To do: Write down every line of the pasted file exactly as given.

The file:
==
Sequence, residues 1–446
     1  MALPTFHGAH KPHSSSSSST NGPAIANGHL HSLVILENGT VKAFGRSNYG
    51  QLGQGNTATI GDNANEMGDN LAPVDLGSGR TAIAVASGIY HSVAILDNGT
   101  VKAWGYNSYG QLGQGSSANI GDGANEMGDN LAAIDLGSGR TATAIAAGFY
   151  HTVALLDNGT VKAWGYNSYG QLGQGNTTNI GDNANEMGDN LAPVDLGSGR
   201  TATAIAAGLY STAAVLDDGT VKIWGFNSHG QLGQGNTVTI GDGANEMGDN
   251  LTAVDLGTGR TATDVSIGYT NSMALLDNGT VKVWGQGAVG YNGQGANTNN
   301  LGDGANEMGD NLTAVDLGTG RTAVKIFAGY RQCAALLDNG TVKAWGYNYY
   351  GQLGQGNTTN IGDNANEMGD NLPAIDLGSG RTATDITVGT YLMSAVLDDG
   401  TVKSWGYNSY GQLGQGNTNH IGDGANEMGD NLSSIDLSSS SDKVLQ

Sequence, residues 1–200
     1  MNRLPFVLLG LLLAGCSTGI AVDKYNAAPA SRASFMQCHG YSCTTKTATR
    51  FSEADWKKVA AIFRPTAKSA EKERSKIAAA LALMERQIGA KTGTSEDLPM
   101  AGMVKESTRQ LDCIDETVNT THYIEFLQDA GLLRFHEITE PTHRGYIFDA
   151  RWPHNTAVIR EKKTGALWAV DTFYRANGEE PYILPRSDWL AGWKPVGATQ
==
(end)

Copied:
Sequence, residues 1–446
     1  MALPTFHGAH KPHSSSSSST NGPAIANGHL HSLVILENGT VKAFGRSNYG
    51  QLGQGNTATI GDNANEMGDN LAPVDLGSGR TAIAVASGIY HSVAILDNGT
   101  VKAWGYNSYG QLGQGSSANI GDGANEMGDN LAAIDLGSGR TATAIAAGFY
   151  HTVALLDNGT VKAWGYNSYG QLGQGNTTNI GDNANEMGDN LAPVDLGSGR
   201  TATAIAAGLY STAAVLDDGT VKIWGFNSHG QLGQGNTVTI GDGANEMGDN
   251  LTAVDLGTGR TATDVSIGYT NSMALLDNGT VKVWGQGAVG YNGQGANTNN
   301  LGDGANEMGD NLTAVDLGTG RTAVKIFAGY RQCAALLDNG TVKAWGYNYY
   351  GQLGQGNTTN IGDNANEMGD NLPAIDLGSG RTATDITVGT YLMSAVLDDG
   401  TVKSWGYNSY GQLGQGNTNH IGDGANEMGD NLSSIDLSSS SDKVLQ

Sequence, residues 1–200
     1  MNRLPFVLLG LLLAGCSTGI AVDKYNAAPA SRASFMQCHG YSCTTKTATR
    51  FSEADWKKVA AIFRPTAKSA EKERSKIAAA LALMERQIGA KTGTSEDLPM
   101  AGMVKESTRQ LDCIDETVNT THYIEFLQDA GLLRFHEITE PTHRGYIFDA
   151  RWPHNTAVIR EKKTGALWAV DTFYRANGEE PYILPRSDWL AGWKPVGATQ